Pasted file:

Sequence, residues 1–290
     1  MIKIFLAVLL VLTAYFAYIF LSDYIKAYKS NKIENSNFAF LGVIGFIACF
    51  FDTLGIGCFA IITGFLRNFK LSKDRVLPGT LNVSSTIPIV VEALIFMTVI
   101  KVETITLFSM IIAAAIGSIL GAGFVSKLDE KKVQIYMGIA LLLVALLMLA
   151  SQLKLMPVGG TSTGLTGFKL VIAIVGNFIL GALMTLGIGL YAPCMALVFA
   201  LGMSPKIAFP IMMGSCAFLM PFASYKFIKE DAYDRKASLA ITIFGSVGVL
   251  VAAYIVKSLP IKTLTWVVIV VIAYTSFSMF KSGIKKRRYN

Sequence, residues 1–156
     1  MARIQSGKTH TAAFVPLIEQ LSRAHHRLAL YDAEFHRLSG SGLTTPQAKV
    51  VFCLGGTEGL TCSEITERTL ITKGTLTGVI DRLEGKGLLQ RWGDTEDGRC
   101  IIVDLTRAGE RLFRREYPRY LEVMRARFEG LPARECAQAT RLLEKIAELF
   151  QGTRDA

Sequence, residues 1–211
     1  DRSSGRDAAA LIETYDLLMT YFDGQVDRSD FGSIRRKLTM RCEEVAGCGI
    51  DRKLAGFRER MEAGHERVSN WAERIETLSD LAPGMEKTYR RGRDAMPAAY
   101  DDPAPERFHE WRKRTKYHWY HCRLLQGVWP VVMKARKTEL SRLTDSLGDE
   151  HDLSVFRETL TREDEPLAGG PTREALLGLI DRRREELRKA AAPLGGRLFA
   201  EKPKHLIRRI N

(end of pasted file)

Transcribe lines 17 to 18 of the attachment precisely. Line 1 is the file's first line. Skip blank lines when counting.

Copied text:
   151  HDLSVFRETL TREDEPLAGG PTREALLGLI DRRREELRKA AAPLGGRLFA
   201  EKPKHLIRRI N